glossy down her back; her nails are on nails
(embedded with gems) though when in heated kiss
they’ll sometimes stay there hanging in my neck.

Yet she’s no bendu dumbo reared on farms
to wrestle bulls, her battle’s with tash and arms
she’ll wax; but when I see her cut by friends
for wearing last year’s cut, I think of times
I’ve worn my heart at sleeve and that’s not cool.

O love, these things are forging fickle youth!
Let’s drop our guard for goods that rarely lie,
monuments like sonnets that will age
their solid lines in us to save our face.


Daljit Nagra comes from a Punjabi background. He was born and raised in London then Sheffield. He has won several prestigious prizes for his poetry. In 2004, he won the Forward Prize for Best Individual Poem with Look We Have Coming to Dover! This was also the title of his first collection which was published by Faber & Faber in 2007. This won the Forward Prize for Best First Collection and The South Bank Show Decibel Award, and was nominated for The Costa Prize, The Guardian First Book Prize, the Aldeburgh Prize and the Glen Dimplex Award.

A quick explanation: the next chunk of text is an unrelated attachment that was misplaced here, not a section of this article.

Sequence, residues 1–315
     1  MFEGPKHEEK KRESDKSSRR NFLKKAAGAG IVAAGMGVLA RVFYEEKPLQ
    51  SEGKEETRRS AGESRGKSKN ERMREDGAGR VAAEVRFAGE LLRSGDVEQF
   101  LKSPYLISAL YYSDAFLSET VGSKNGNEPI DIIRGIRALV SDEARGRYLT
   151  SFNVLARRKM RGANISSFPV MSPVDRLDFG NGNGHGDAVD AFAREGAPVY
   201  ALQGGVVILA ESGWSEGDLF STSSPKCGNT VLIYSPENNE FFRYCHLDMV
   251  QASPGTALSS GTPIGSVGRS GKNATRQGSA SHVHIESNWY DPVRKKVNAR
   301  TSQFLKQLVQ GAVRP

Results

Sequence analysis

Daljit’s poems have been published in New Yorker, Atlantic Review, London Review of Books, Times Literary Supplement, Poetry Review, Poetry London, Poetry International, Rialto and The North.

He has performed at venues such as Banff, Calgary, Toronto, Bratislava, Galle, Mumbai, Delhi, Orkney, Belfast, Dublin, Rotterdam, Amsterdam, Heidelberg, St Andrews, Edinburgh, Ty Newydd and many places in England.

Daljit is on the Board of the Poetry Book Society. He has judged the Samuel Johnson Award 2008, The Guardian First Book Prize 2008, The Foyles Young Poets Competition 2008, The National Poetry Competition 2009. He has also hosted the TS Eliot Poetry Readings 2009.

He is the Lead Poetry Tutor at The Faber Academy and has run workshops all over the world.

He is a regular contributor to BBC radio and has written articles for The Financial Times, The Guardian, The Observer, The Times of India. Tippoo Sultan’s Incredible White-Man-Eating Tiger Toy-Machine!!! is his most current collection.